Don't get me wrong. I dearly love many of the men with whom I sung in Ann Arbor.  Many of them are brilliant, distinguished in their fields, and would ring a bell if I mentioned their names to you. You may be asking, "where was the director in all this?".  The Glee Club was the oldest student run organization on campus.  The School of Music (later, the School of Music, Theater and Dance) supplied a director to the club, and I would daresay with mixed results.

Professor Johnson was a highly successful studio teacher who took over the club from Willis Patterson, also a studio teacher but with extensive choral conducting experience.  I learned to love singing from Professor Johnson, but found his leadership and conducting skill set to be lacking; when he was denied tenure in 1981, I wasn't surprised, but was decidedly in the minority among club members who opposed the change.

On came Dr. Gardner in the fall of 1981. He had finished his DMA at the University of Texas-Austin, where his doctoral work included study of a piece for gamelan and male choir (or so I heard). He was only 27, and it was exciting to work with him from the get-go. Gone were so many of the Duey pop and light classical arrangements. In their place were actual pieces originally written for male chorus.  He got us in the habit of really studying the lyrics and finding out what we were singing about.  The pieces weren't always loud or boisterous or rich in harmony.  Some, like Song of Peace by Persichetti and Halsey Steven's setting of Christina Rossetti's Remember Me, were by comparison skeletal, their harmonies and melodies deceptively simple (but NEVER simplistic).  Wasn't everyone's cup of tea, but I thrived on it.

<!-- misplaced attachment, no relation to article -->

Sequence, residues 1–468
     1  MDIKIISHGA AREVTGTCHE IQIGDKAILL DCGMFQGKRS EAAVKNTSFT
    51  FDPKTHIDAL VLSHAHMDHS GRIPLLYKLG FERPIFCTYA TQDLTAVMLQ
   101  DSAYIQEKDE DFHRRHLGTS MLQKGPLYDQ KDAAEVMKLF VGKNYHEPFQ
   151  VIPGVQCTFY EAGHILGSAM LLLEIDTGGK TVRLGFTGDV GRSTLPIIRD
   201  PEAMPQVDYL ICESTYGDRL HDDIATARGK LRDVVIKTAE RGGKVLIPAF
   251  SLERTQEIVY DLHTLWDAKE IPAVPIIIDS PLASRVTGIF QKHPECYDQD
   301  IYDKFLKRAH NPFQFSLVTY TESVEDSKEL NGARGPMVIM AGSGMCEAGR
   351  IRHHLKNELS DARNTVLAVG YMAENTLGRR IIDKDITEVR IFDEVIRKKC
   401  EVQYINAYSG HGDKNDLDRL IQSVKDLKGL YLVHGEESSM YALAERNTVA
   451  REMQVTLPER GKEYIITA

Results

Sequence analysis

Fast forward about 30 years. I go to hear Measure for Measure at the IMC conference at Rutgers (which I did and thoroughly enjoyed) but before I left, I had the great pleasure of hearing an excellent high school male chorus from Pennsylvania.  They performed not only music from the western canon, but from non-western sources as well.  It was their last piece, an extended work on the subject of Nelson Mandela, with which I took issue, and what will be the heart of the second half of this post.

I've noticed a trend over the last ten years--it may be longer--of choral composers writing music for texts that are decidedly activist in nature. To wit:

1) a composition for male chorus called "Seven Last Words of the Unarmed". Movement titles include "Officers, why are you pointing your guns at me?", "I can't breathe", and "What are you following me for?", This piece was presumably meant to honor black men who were killed by police officers.